times we think we should be allowed 
to do as we please, but here we find 
God telling us to do as our parents 
want us to. 

"W" could stand for a word we 
all seem to try to get away from — 
work. James 2:17 tells us that if 
we have only the seed of faith and 
don't know the seed of work, too, 
that our faith is dead. We need to 

"E" is our enthusiasm. The first 
part of the verse in Ecclesiastes 9:10 
tells us about this. If we are doing 

dishes or asking someone to Sun- 
day school, we should do it with 
all the energy and love we can. 

"R" — Let's let it stand for re- 
pentance. Luke 13:3 tells us we 
must repent or perish. This big word 
means that we should be sorry for 
our sins and ask God to forgive 

"S" is the last letter of our word 
flowers. We'll let that stand for 
self-control. (Read Prov. 16:32.) It 
is so much better to control our 
words than to let them fly and later 
be sorry for what we said. 

All of these seeds are ones we all 
need to plant in our hearts. God will 
do His part and make our lives into 
beautiful flowers if we will just let 
Him. Remember though, we must 
dig the hole and plant the seed. All 
of these seeds are found in God's 
Word. Let's make Psalm 119:11 a 
motto of ours. 

A verse to remember is James 
1:22: "But be ye doers of the word, 
and not hearers only, deceiving your 
own selves." 

The Brethren Missionary Herald 

Doing Things for Jesus 

By Mrs. Walter Haag 

"Ah, Maria, it's Monday, and 
not even the hens lay on Monday." 
These words fell from the lips of 
the olive-skinned, brilliant-eyed 
Mexican girl as she sat in the sun- 
shine of the doorstep. Sunday had 
been tiring; many visits had been 
made, many cups of coffee shared, 
and many walks taken around the 
town and plaza. No wonder Monday 
was a day for complete relaxation. 
The sunshine of the clean-swept 
patio was much more inviting than 
the cooler air of the house. Further- 
more, in the house one was reminded 
of the many tasks yet to do. 

Maria, however, not heeding the 
words of her older sister, busied 
herself folding the blankets and 
skins and doubling up the cots to be 
placed neatly against the wall for 
the day. The "tortillas" were made, 
and the beans slowly bubbled in the 
earthen vessel on the stove, but the 
water tubs in the kitchen and patio 
needed filling before the water was 
heated by the sun at the well. It 
would probably be Maria's job to 
turn the cheese high on the drying 
rack on the little porch, and today 
of all days, the meat hanging on the 
back line would likely be dried out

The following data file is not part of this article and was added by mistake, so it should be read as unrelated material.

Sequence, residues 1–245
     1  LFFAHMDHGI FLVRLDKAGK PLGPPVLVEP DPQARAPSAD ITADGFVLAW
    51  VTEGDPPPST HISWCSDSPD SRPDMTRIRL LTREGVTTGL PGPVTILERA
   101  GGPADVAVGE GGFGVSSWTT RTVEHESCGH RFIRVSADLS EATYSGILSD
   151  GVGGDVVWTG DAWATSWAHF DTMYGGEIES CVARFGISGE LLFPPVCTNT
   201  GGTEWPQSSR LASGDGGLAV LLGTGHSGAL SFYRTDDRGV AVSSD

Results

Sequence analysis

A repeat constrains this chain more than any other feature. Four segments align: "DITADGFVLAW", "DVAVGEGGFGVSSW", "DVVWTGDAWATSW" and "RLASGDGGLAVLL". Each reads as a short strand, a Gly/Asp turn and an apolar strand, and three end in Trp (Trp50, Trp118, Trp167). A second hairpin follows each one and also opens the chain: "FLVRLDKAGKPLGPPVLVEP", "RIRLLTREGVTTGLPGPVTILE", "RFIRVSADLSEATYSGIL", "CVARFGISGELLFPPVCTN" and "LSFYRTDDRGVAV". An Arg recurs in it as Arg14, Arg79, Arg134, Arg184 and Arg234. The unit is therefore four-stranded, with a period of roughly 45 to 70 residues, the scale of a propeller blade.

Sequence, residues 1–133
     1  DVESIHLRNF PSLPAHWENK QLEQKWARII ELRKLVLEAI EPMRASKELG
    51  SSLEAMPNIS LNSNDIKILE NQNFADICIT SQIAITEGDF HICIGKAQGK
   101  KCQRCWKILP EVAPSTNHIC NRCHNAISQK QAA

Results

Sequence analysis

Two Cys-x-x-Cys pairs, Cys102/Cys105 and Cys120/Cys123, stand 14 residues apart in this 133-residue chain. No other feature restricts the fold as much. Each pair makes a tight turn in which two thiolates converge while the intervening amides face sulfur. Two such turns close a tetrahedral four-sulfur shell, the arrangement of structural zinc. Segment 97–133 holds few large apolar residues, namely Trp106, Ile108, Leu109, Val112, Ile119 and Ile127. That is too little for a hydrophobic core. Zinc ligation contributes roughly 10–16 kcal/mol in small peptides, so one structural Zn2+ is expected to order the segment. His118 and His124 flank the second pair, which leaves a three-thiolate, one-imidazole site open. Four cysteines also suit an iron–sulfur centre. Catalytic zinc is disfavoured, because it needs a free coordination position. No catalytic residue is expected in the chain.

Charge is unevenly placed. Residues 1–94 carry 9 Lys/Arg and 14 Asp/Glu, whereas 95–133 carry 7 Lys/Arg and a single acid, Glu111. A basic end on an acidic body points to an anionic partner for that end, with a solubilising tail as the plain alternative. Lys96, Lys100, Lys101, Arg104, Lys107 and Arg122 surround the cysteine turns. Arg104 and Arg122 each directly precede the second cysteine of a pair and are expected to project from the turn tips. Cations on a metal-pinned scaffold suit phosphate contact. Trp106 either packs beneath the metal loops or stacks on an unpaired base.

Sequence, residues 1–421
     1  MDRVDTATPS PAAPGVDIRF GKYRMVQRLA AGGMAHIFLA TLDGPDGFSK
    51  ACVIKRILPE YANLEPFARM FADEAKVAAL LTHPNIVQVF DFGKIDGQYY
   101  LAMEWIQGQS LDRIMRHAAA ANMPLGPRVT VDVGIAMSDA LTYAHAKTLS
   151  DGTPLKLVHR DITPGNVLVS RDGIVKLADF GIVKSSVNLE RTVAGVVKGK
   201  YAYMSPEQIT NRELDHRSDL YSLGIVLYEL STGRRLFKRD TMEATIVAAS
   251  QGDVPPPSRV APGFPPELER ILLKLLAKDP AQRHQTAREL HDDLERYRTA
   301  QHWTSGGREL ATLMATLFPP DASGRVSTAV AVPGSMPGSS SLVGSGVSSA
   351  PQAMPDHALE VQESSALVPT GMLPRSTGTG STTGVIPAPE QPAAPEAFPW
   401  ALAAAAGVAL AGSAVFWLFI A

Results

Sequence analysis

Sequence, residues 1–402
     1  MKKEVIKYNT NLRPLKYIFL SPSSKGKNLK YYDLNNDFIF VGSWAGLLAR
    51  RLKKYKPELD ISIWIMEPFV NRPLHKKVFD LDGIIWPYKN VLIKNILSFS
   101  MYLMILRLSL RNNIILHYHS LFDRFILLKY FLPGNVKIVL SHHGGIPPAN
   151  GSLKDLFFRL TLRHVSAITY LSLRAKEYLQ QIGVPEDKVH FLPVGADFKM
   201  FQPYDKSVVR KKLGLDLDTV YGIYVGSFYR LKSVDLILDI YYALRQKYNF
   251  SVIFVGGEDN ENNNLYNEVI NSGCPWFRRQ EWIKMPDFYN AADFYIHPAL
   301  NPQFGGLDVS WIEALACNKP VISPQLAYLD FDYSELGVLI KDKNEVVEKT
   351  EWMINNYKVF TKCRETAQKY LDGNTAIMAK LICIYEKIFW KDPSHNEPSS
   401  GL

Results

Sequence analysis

enough to be taken down and stored. 
The light hurried step of Maria in- 
dicated that she had no time to bask 
in the sun. When she asked per- 
mission of her old grandmother to 
go to Juana's house for the after- 
noon, she wanted to have nothing yet 

Grandmother watched well over 
all the houses of her sons and daugh- 

ters scattered around the patio, and 
complete obedience, as well as re- 
spect, was paid to her. Grandmother 
wouldn't approve of Maria spending 
the afternoon making curtains for 
the Evangelical Mission, but grand- 
mother was a just woman and would 
probably reward Maria's efforts by 
granting her wish. Maria liked to do 
things for Jesus, and it was worth the 
effort even on Monday. 

Tonight was choir rehearsal, too. 
Would she be allowed to go? If she 
could somehow bribe her little 
brother into going along, all would 
be well. Grandmother could cer- 
tainly not be expected to allow her 
to go out in the evening without an 
escort from the family, and her 
nephews and cousins, as well as her 
little brother, were so afraid of 
being snubbed and called "Hallelu- 
jahs" if seen entering the Protestant 
Mission. Maria did like to sing for 
Jesus, and it was worth struggling 
to get to go. 

How about Wednesday's prayer 
meeting? Should she try to go? 
Why, anyway? They didn't do things 
at prayer meeting — just praying and 
testimonies. And why did the pastor 
always harp on allowing Jesus to 
enter your heart and rule your 
whole hfe? She liked to do things 
for Jesus, but surrender completely 
— hands for Jesus, surely, but heart, 

Many teen-agers are as Maria. We 
like to do things that Christians do, 
but we do not like to be what 
Christians are. Let's give our hearts 
and hands both to the Lord. 


Pray for the Navajo mission sta- 
tion in New Mexico since Mr. Vulga- 
more was injured in a gun accident, 
that the Lord will be glorified in 
the school and that the work with 
the Indian boys and girls will go on 
well without his help. 

Pray for the offering taken at this 
time of year — National Project Of- 
fering, National Officers' Confer- 
ence Expenses Offering, and Higher 
Education Offering — that each girl 

will give for His glory and that He 
will in turn be glorified by the 

Pray for your national officers in 
Winona Lake as they endeavor to 
attend college and also work for 

Pray that this year every girl in 
every Sisterhood organization would 
really try to meet her personal goals. 

Pray for requests that your own 
group has. 


By Jeanette Turner 

Greetings from the East Coast 
to the West! Let's start with Riner, 
Va., this month. These girls had a 
"delicious" idea when they divided 
into two groups, and each group 
prepared a meal. (Each girl in each